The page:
☆ Consider less intrusive kinds of pop-ups:

  • An exit intent pop-up that only appears when the web visitor is about to leave
  • A fly-in pop-up that slides in from the bottom corner and doesn’t cover the content
  • Triggered pop-up that only appears after the reader clicks on something

 

 

☆ Don’t settle for the default setting – the same pop-up on every page. Instead, think about every page and ask yourself: Is this a good place to convert subscribers? If it is, what’s the best way to do it?

 

☆ A/B test your pop-ups (meaning, create two versions and test them towards each other – most premium pop-up plugins can do this) to improve the copy and your strategy.

 

☆ Remove pop-ups from sales pages and landing pages. Here, you aren’t converting subscribers. You are selling to people who are already interested. Don’t distract them and yell at them while they’re making a buying decision.

 

☆ I’d also be careful with pop-ups on the homepage. This is your first chance to make a good impression. How do you want your first-time visitors to feel about your brand?

 

☆ And please, never use more than one pop-up. It’s super annoying.

 

How to create a pop-up that converts and feels good (yes, it's possible).Click To Tweet

 

A few words about pop-up copy

My reflex when I see a pop-up is to close it as fast as I can. I can’t help it. And most people are the same. We’re tired of pop-ups.

If you want people to read the pop-up before they manage to close it, you need a big, fat, short, and attention grabbing headline.

“Subscribe to my list” won’t do. Be original. Be funny. Shock people. Mention the benefit right away.

Under the headline, specify the benefit. What do people get when they subscribe?

You can also build trust by adding social proof. “Join 2k woman who read my newsletter every Monday” sounds kind of tempting, doesn’t it?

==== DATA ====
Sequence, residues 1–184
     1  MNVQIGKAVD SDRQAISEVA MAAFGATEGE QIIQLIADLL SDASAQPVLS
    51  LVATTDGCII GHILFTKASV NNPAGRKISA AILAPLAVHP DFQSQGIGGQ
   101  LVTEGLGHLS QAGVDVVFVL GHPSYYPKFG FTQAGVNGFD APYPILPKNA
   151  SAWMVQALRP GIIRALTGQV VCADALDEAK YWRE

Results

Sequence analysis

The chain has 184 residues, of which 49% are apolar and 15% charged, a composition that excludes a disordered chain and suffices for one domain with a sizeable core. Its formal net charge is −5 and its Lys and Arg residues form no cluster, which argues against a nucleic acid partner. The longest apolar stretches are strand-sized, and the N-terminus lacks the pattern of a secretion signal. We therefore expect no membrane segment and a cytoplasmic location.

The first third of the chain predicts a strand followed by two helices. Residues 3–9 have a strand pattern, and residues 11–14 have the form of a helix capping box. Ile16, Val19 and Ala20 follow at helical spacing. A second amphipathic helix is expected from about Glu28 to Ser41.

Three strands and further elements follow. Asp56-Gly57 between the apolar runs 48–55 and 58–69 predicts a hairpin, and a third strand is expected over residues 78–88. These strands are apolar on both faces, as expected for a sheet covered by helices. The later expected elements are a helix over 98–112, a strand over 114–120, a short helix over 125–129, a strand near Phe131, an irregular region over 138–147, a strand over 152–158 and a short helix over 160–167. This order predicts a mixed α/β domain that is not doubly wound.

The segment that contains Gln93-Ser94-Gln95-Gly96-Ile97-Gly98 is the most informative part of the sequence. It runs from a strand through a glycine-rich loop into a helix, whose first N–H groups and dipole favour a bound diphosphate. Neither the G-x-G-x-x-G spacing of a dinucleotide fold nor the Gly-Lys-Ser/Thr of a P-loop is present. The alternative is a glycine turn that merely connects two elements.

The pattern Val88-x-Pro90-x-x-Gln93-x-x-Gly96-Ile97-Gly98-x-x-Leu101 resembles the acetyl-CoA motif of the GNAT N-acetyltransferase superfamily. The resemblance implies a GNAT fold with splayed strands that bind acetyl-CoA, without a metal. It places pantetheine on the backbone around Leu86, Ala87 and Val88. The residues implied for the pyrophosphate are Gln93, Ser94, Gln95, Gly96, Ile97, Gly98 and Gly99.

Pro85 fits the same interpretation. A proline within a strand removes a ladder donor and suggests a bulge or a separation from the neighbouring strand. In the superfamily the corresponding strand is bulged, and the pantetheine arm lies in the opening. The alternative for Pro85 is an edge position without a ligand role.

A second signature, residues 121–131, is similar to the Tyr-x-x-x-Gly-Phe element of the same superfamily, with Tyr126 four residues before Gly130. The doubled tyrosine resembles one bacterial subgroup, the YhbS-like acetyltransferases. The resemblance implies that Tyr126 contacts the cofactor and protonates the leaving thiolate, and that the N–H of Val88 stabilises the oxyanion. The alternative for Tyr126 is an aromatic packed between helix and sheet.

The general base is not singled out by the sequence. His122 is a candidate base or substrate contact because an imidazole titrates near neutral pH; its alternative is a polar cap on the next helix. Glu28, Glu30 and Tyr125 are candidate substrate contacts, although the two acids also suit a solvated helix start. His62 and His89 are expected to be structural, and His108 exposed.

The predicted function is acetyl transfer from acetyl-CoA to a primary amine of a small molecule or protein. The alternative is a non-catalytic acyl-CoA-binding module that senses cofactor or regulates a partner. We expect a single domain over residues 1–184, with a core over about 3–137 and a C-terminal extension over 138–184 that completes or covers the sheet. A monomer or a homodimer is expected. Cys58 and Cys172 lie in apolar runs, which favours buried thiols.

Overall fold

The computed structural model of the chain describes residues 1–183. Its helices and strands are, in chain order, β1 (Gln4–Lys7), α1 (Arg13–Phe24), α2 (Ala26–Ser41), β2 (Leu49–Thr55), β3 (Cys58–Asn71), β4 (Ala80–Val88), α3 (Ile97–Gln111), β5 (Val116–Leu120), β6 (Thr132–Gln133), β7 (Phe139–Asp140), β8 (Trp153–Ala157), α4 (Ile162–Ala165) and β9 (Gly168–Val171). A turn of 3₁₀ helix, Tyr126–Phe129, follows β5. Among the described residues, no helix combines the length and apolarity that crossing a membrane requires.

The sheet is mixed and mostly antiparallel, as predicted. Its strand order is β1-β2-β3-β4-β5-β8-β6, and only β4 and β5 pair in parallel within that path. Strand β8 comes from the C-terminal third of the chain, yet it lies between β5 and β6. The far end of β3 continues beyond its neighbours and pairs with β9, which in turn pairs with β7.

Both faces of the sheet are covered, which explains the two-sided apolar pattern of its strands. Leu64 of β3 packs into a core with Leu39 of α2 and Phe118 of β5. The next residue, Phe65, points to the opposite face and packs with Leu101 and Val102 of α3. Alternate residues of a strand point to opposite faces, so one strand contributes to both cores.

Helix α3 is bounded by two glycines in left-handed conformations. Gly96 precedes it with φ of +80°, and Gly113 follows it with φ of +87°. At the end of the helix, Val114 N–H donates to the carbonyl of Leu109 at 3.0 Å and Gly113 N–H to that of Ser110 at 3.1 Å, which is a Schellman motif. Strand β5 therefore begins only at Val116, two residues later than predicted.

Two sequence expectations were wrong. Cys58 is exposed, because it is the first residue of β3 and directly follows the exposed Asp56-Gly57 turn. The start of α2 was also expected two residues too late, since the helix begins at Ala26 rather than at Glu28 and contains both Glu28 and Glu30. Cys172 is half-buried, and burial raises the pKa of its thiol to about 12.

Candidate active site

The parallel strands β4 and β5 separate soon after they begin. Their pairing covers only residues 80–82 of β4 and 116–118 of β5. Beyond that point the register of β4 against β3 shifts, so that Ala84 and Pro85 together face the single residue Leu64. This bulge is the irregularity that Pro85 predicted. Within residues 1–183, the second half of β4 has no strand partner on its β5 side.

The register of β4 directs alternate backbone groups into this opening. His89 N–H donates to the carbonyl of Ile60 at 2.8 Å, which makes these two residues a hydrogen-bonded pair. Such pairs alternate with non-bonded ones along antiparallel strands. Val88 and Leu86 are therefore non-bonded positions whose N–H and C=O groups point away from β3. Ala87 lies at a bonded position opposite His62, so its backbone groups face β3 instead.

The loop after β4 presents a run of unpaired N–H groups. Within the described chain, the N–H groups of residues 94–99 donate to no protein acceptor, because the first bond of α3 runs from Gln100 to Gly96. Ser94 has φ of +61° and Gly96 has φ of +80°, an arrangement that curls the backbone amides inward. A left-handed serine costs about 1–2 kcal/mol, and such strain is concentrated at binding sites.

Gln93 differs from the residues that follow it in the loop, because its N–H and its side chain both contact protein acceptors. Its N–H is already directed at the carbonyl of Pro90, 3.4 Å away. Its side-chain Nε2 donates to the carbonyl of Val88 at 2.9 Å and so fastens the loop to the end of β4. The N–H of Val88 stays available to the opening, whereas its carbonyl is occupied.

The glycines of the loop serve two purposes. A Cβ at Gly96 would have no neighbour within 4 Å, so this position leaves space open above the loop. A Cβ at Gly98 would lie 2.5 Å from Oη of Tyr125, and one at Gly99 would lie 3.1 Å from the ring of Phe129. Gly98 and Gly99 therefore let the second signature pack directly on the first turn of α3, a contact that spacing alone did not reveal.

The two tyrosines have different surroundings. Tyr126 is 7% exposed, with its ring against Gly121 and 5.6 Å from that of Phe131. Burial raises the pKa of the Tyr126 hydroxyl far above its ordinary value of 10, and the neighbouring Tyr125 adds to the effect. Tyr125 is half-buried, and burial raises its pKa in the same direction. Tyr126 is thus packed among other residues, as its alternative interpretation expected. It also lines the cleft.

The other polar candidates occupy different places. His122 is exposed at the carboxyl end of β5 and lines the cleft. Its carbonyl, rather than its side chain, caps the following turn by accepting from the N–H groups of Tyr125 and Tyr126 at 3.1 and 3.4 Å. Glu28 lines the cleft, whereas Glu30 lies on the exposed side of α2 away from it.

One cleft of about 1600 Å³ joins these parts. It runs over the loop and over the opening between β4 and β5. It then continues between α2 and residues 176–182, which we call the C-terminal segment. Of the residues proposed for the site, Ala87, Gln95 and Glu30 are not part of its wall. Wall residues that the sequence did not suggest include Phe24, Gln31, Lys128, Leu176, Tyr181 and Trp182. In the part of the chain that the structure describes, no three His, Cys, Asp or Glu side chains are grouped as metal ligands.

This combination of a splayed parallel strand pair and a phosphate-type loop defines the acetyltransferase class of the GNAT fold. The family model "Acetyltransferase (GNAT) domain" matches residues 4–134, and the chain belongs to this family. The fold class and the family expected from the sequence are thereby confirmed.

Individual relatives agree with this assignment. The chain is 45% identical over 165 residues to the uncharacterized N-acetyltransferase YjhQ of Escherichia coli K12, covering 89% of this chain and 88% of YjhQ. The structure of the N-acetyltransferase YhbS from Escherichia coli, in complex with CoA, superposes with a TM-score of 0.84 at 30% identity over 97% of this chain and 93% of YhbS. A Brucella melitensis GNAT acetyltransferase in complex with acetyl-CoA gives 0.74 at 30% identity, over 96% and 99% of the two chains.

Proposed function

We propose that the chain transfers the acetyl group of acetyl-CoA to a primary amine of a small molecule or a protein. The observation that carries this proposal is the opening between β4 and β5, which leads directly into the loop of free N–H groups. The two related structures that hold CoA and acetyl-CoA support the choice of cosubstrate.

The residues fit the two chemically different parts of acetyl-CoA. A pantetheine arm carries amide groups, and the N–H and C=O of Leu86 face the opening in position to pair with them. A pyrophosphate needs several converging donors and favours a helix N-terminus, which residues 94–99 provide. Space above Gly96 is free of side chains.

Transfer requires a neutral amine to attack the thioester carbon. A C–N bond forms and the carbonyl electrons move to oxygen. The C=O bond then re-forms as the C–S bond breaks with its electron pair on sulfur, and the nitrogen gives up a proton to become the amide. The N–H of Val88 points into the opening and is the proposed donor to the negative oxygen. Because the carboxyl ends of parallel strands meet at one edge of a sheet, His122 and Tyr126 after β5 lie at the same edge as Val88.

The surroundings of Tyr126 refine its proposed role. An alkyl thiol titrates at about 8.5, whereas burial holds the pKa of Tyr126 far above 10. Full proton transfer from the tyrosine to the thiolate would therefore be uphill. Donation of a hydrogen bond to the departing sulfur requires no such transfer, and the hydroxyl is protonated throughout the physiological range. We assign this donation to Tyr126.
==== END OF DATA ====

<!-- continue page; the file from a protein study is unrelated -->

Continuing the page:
Keep the form as short as possible. Only ask for the necessary information. People are busy. A name and email address should be enough.

As for the button copy, make it clickable. “Subscribe” isn’t clickable; it’s dull. Use an action verb (“Download your e-book”), or ask yourself – what do my readers really want? “Improve your accent” sounds better than “subscribe,” right?

 

Okay, here’s what to do now:

Decide if you need a pop-up. If pop-ups aren’t your thing, concentrate on other ways to get subscribers.

If you decide to give pop-ups a shot, make sure that your pop-ups are feel-good pop-ups. Play with the words. A/B test. Study analytics. If pop-ups don’t work, change them, tweak them, or, you know, get rid of them.

Don’t do things that don’t feel good just because other people do them. It’s your business. Give yourself permission to listen to your gut and do it your way.

4 Comments

  1. ElenaMutonono

    Veronika, this is excellent. I used to always feel guilty about popups, and still one always get into this trap of, “but everyone is doing that.” I thank you for speaking some sense into me and getting me back into my place of comfort where I no longer have to lie to myself that since everyone is doing it I’m just going to do it, too. I do agree with you that no matter what people choose I don’t think using humiliation is right. I’ve been to websites where you can’t close popups or people call you names for not signing up – this is just degrading. Thank you for this!

    Reply
    • Veronika Palovska

      Elena, thank you so much for your comment. I think it’s a default reaction to look around you and do what everyone else is doing. But, like you said, it can get you into a trap.
      It was such a huge relief for me to realize I didn’t have to do things that didn’t feel right. There are people who will tell you that you’re leaving money on the table. And maybe they’re right. But I believe that aggressive marketing is a temporary solution, while listening to your audience and your own intuition works in the long term.
      I’m glad that you feel the same way about it.

      Reply
  2. patricepalmer

    Thanks for providing balanced information about whether to pop up or not. I keep reading conflicting information about this. I had a pop up on my homepage and took it down after a few days. It was annoying me so I could only imagine how visitors to my website felt. I do like the idea feel good pop-ups. I might try it again.

    Reply
    • Veronika Palovska

      Patrice, thank you. I’m glad you found it helpful!

      Reply